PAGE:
By Joe Gross
September 22, 2009
Yoko Ono/ Plastic Ono Band
'Between My Head and the Sky'
At this point, the only music fans who have heard Yoko Ono's
extraordinary 40-year body of work and don't recognize her as an
innovator are pretty easily slotted into two groups: folks who are
still fuzzy on women's suffrage and Beatles loons who still blame her
for their inevitable disintegration. Even if you don't have much use
for her often extreme music, Ono was there before most folks, pushing
envelopes in art and sound and doing it as a woman whom, for a while
there, the entire planet seemed to hate just kind of on spec.
This is the first Ono album released with the Plastic Ono name since
1973's proto-feminist screed "Feeling the Space" and her first
all-new studio effort since 1995's alt-rock infused "Rising." This
new model Ono Band includes her son Sean Lennon, Yuka Honda from Cibo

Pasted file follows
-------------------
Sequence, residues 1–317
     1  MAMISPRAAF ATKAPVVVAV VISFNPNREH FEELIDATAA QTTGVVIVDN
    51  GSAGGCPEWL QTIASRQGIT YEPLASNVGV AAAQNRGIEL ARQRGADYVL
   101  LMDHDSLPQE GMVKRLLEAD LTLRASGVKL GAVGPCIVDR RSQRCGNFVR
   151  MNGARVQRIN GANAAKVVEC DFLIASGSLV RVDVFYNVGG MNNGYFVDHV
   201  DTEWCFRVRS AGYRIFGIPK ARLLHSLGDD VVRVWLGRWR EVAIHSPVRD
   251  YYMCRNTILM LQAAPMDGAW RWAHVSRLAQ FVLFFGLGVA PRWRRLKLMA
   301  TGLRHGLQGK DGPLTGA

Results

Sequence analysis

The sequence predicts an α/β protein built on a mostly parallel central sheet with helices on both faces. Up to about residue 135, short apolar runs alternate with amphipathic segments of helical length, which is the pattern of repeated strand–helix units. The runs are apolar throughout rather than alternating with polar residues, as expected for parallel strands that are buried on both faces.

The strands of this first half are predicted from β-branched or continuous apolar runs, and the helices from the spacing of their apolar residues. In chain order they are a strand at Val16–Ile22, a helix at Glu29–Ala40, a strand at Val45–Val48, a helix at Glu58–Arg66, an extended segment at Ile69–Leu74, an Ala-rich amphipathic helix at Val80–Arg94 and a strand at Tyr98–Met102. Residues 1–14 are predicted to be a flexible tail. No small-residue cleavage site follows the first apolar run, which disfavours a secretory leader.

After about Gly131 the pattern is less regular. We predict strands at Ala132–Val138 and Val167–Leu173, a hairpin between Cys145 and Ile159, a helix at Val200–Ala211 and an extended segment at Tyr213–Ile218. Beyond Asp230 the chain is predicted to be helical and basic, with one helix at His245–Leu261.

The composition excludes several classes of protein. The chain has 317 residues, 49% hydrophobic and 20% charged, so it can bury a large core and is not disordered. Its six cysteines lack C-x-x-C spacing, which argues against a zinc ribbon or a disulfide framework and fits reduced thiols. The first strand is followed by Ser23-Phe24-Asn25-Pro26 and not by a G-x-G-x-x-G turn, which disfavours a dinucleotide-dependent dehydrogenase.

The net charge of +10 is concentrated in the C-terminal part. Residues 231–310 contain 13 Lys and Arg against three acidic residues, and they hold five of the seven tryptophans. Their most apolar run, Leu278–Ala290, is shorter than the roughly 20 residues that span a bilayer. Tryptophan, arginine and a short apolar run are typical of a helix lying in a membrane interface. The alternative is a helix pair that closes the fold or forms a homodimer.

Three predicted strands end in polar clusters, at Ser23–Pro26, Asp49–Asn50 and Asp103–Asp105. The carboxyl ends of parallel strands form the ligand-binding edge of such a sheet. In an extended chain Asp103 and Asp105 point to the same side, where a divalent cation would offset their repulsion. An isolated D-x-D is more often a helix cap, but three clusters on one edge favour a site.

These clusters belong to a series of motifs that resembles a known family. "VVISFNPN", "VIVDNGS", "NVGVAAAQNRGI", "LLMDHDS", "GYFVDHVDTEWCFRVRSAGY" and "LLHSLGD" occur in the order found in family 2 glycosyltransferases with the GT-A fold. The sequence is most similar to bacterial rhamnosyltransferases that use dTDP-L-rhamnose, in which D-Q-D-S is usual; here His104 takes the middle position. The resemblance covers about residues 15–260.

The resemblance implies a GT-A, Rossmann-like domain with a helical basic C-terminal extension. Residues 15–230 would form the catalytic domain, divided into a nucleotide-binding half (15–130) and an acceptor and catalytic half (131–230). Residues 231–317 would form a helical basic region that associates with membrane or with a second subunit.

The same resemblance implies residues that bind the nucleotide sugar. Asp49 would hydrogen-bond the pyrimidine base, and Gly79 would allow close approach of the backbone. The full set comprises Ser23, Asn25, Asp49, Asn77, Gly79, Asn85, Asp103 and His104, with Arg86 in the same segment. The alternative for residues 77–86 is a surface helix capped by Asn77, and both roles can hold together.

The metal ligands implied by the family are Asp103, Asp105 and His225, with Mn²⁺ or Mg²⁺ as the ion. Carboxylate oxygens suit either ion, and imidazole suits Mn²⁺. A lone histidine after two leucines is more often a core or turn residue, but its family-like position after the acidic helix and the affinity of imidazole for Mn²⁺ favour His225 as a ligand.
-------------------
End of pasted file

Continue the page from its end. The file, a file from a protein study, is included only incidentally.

Matto, and electronic-dance savant Keigo Oyamada, a.k.a Cornelius.
"Between My Head…" rolodexes 40 years of Ono's tricks. "Waiting for
the D Trains" opens the album with spikey, no wave guitar flail and
wordless yells, while "The Sun is Down" would be welcome at any rave.
The jazz on "Ask the Elephant" owes plenty to Ornette Coleman's
harmelodic funk, while "Memory of Footsteps" and "Unun. To" (the
latter in Japanese) are meditative, small group sketches which are
alternately thoughtful and distressingly Steve Allen-ish. "Calling"
could be a leftover "White Album" jam from a particularly "out"
afternoon or a Sonic Youth rehearsal tape. In no way is this a bad
thing. In no way is almost any of this album a bad thing it some of
the most vigorous, vital rock music a 76-year-old has ever produced.